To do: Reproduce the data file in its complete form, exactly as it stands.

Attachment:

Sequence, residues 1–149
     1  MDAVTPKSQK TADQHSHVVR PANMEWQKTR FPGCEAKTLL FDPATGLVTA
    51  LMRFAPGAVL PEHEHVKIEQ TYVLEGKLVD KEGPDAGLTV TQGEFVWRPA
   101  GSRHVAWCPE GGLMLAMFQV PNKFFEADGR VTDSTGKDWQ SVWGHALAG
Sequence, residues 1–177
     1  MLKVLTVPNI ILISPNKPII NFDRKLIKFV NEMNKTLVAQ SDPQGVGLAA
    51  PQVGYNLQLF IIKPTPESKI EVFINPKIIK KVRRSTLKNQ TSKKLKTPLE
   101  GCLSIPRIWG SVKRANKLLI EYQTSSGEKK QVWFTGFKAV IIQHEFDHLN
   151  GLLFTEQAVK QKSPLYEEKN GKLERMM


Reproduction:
Sequence, residues 1–149
     1  MDAVTPKSQK TADQHSHVVR PANMEWQKTR FPGCEAKTLL FDPATGLVTA
    51  LMRFAPGAVL PEHEHVKIEQ TYVLEGKLVD KEGPDAGLTV TQGEFVWRPA
   101  GSRHVAWCPE GGLMLAMFQV PNKFFEADGR VTDSTGKDWQ SVWGHALAG
Sequence, residues 1–177
     1  MLKVLTVPNI ILISPNKPII NFDRKLIKFV NEMNKTLVAQ SDPQGVGLAA
    51  PQVGYNLQLF IIKPTPESKI EVFINPKIIK KVRRSTLKNQ TSKKLKTPLE
   101  GCLSIPRIWG SVKRANKLLI EYQTSSGEKK QVWFTGFKAV IIQHEFDHLN
   151  GLLFTEQAVK QKSPLYEEKN GKLERMM